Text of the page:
The latest pick-up truck EV concept to hit the market, the Havelaar Bison, was debuted in Ontario, Canada at the 2017 EVVE Conference.
Havelaar Canada has developed a new EV pick-up truck which it promises can cope with the extreme weather and rugged terrain its home nation is known for. The new EV has been designed and tested in Canada and offers an all-wheel drive powertrain and dual motors.
According to the company’s website, the “class-leading torsional stiffness…(and) rugged off-road capabilities allow for 54% hill start and 21% hill climb at full load,” again demonstrating the superior torque output of electric motoring. Similarly, the body is supported by a carbon-fibre reinforced steel space frame while there is sizeable storage possibility, both outside (1.3 square metres) and inside (0.51 square metres).
Apparently “inspired by nature,” the short overhangs and angular design also allows for easier and more dynamic manoeuvrability. All in all, the monster truck/bison head appearance makes the Havelaar pick-up a pretty cool-looking machine.
Havelaar also promises a range of 300 miles but, as yet has not offered detailed information on the vehicle’s battery capacity or the extent to which off-road driving may affect charge levels. However, the company has made it clear that the vehicle is dual use – touting the features as meeting “both the day-to-day work demands and active lifestyle needs of adventurers” – and that it features connectivity options, touch screen display and specially calibrated driver assistive technology. Furthermore, Havelaar’s manifesto on sustainability makes specific mention of the truck’s suitability for fleet and business use.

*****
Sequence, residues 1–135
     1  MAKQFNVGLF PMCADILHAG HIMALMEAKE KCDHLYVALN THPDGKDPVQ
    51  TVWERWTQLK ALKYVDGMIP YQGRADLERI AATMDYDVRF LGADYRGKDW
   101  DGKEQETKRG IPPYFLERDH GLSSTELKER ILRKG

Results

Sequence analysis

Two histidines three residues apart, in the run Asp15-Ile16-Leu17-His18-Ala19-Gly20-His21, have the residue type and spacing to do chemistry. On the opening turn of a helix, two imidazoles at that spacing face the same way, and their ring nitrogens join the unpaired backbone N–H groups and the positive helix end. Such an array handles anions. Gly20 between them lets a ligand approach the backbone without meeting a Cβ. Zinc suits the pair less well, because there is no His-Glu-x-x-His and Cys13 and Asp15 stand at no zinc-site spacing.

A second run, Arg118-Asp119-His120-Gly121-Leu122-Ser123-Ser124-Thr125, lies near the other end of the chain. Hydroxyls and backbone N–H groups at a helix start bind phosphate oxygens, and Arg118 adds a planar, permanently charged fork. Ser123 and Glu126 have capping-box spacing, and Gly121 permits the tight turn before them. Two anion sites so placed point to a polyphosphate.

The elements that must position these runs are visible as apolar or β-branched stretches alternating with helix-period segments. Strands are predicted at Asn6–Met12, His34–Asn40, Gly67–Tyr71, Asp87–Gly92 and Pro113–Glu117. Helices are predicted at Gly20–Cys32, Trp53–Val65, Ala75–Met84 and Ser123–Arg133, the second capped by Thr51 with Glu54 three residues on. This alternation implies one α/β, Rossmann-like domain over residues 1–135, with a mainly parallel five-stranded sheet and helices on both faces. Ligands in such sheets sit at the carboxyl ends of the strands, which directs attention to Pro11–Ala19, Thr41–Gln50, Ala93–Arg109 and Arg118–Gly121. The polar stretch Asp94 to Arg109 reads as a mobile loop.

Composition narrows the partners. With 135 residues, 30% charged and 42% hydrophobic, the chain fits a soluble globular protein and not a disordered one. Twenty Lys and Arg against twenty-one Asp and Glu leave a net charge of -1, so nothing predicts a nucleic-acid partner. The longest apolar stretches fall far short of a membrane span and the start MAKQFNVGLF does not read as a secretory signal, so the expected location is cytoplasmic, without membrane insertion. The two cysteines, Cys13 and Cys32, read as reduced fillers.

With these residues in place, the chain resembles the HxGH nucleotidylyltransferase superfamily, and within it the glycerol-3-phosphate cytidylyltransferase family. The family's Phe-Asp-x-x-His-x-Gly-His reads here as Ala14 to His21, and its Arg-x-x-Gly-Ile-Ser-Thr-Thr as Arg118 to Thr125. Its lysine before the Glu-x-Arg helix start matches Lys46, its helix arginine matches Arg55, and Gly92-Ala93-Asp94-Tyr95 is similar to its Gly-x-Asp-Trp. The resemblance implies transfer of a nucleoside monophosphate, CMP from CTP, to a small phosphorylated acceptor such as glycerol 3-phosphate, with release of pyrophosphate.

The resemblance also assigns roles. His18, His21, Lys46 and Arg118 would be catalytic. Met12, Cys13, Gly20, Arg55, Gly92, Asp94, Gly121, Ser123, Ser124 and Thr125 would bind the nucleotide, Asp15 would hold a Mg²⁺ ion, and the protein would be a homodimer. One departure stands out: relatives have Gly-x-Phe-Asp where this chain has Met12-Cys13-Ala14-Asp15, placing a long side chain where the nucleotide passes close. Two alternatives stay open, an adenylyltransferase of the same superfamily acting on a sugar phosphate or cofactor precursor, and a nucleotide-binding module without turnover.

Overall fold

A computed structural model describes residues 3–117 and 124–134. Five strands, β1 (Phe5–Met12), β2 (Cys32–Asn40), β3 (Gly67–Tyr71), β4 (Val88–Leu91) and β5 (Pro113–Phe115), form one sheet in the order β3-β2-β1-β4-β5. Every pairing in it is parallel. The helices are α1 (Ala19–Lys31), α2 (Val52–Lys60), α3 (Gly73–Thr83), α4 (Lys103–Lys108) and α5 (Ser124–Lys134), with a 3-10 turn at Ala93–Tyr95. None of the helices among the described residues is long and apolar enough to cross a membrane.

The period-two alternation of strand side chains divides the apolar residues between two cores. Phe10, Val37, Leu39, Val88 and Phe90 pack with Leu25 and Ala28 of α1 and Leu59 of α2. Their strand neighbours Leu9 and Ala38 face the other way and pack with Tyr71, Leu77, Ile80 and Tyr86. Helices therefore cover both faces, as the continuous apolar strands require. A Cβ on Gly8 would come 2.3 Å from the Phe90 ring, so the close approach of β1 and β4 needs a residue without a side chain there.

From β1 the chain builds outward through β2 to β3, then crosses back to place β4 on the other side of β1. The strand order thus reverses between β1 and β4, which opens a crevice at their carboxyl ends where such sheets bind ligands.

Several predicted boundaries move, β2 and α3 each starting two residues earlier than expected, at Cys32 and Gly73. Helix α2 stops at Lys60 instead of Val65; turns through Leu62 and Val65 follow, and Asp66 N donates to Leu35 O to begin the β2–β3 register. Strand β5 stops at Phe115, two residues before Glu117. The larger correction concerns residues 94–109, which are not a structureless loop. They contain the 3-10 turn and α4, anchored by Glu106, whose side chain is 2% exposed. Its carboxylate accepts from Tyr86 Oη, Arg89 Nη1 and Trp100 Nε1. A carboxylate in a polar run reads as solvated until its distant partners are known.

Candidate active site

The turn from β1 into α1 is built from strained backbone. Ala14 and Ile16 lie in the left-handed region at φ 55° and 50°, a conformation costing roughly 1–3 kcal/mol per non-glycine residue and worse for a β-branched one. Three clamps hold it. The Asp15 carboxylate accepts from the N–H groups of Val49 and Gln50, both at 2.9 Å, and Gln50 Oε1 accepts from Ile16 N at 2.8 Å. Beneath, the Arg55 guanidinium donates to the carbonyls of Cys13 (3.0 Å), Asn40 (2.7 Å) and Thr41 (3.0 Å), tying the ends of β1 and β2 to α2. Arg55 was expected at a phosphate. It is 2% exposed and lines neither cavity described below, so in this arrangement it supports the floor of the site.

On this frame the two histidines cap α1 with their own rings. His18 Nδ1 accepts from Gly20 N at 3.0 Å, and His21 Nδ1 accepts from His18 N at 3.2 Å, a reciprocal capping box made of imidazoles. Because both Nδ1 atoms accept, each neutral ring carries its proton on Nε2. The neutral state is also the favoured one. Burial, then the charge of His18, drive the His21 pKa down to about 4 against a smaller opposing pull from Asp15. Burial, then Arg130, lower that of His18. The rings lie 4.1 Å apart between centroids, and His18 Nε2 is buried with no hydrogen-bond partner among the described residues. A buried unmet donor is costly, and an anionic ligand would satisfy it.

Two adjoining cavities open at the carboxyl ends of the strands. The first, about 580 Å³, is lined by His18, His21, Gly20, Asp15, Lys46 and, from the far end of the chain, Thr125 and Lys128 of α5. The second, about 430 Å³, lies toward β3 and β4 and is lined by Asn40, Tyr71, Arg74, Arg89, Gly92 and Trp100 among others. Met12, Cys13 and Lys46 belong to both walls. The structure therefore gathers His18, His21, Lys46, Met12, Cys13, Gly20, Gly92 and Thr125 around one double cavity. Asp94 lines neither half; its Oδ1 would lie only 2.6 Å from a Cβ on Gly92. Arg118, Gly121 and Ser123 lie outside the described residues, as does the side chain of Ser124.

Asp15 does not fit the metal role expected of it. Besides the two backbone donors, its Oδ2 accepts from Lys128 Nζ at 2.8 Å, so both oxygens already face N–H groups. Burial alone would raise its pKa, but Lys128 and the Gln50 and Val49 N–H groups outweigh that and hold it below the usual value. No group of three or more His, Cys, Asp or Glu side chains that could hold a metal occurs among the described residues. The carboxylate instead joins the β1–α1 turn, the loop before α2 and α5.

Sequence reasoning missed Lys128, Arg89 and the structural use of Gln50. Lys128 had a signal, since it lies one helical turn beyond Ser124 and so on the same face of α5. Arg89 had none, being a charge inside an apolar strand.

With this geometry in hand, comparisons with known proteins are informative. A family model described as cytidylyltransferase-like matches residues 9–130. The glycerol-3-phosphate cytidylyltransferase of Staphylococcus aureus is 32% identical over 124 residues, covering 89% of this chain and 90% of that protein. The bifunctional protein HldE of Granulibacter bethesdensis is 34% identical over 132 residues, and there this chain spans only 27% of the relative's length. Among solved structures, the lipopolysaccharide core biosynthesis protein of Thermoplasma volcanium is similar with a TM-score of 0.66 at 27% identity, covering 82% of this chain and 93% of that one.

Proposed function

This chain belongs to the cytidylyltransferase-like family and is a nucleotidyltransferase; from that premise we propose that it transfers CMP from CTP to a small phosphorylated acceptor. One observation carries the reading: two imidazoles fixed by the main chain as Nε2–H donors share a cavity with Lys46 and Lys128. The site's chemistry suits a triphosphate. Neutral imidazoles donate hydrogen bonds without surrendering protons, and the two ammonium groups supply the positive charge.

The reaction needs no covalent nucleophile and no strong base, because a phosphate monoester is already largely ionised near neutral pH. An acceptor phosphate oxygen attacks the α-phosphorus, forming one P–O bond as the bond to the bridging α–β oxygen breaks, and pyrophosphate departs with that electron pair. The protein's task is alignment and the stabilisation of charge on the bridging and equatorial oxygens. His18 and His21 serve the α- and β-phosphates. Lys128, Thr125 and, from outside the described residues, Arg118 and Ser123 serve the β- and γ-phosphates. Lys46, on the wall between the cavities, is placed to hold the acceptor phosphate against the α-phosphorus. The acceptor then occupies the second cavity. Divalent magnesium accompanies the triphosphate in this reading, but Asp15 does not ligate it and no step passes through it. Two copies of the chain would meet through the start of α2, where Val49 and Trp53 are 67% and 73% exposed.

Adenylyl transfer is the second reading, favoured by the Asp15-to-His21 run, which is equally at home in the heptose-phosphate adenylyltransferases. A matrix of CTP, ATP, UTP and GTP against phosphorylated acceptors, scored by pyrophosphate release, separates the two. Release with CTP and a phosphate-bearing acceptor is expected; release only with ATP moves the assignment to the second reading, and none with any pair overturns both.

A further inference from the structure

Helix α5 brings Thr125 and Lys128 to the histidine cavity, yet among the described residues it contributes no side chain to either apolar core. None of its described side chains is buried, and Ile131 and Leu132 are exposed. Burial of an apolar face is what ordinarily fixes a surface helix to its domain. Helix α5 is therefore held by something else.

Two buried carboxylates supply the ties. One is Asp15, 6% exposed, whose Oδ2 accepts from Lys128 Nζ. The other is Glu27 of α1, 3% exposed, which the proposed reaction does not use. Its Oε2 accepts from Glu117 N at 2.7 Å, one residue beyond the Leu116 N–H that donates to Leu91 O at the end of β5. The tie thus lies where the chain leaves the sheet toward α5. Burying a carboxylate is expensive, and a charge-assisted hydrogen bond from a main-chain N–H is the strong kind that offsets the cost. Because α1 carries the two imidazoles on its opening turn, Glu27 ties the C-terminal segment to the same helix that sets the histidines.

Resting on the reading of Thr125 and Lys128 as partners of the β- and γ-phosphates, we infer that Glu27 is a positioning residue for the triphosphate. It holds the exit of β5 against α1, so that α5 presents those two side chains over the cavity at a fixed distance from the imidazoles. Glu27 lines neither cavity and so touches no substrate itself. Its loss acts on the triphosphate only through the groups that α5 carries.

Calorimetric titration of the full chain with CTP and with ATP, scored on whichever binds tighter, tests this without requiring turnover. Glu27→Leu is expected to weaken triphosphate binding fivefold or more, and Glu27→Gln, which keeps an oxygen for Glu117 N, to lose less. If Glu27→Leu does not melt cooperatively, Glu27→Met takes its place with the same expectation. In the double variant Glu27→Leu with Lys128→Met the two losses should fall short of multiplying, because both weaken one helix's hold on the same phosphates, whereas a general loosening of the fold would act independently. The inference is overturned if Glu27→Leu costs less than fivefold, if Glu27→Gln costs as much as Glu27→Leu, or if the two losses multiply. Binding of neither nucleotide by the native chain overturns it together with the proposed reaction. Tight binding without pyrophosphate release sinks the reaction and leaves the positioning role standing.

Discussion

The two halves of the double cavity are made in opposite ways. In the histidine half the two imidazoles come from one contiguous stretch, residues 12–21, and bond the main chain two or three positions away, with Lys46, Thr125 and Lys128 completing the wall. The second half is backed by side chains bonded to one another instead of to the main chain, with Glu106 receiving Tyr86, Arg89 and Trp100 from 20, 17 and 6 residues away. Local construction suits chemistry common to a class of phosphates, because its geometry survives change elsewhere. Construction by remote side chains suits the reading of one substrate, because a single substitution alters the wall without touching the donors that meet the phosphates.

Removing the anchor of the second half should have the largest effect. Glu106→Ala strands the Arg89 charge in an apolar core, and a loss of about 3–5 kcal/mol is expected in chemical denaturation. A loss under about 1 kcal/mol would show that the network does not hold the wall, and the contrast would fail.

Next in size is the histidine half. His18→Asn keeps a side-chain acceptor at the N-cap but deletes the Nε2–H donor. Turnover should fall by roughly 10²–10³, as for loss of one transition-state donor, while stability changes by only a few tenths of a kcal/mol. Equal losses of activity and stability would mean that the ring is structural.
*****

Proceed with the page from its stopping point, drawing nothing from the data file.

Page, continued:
There is also a great deal of research behind the E-pick-up. The Havelaar Group is also participating in the project and work of the Havelaar Electric Vehicle Research Centre at the University of Toronto. The Bison certainly provides a new possibility for potential EV consumers looking for a hardy vehicle. Along with announcements from Bollinger and Workhorse, it seems as those arguing that EVs are not capable of off-road driving may finally be silenced.
Even more positively, the Canadian Government has agreed to outline a mandate encouraging policymakers, automakers, and consumers to help reduce greenhouse gas emissions in the country. Ministers of the Transport and Innovation, Science, and Economic Development offices will collaborate on new goals by next year in a bid to reduce carbon dioxide emissions by 70% (of 2005 levels) before 2030.
Figures published by Environment and Climate Change Canada indicate that, in 2005, Canada was responsible for 738 megatonnes of carbon dioxide emitted into the atmosphere. As of 2015, that level had dropped to 722 megatonnes. Evidently, the country has improved but still has a way to go if it wants to reach its target of 221 megatonnes in the next 12 years.
Emissions from vehicles account for 25% of Canada’s carbon dioxide out put meaning that the country really has to put the onus on changing the buying and usage behaviour of its residents to increase the number of alternative fuel and low emission vehicles on the road.
Promisingly, EV sales are on the rise, having increased by 56% on 2015 levels, and with total numbers reaching just under 30,000. Despite the rise, EVs still only account for less than 0.1% of the total number of vehicle registrations in Canada, so hopefully new products and better incentives will help to change this.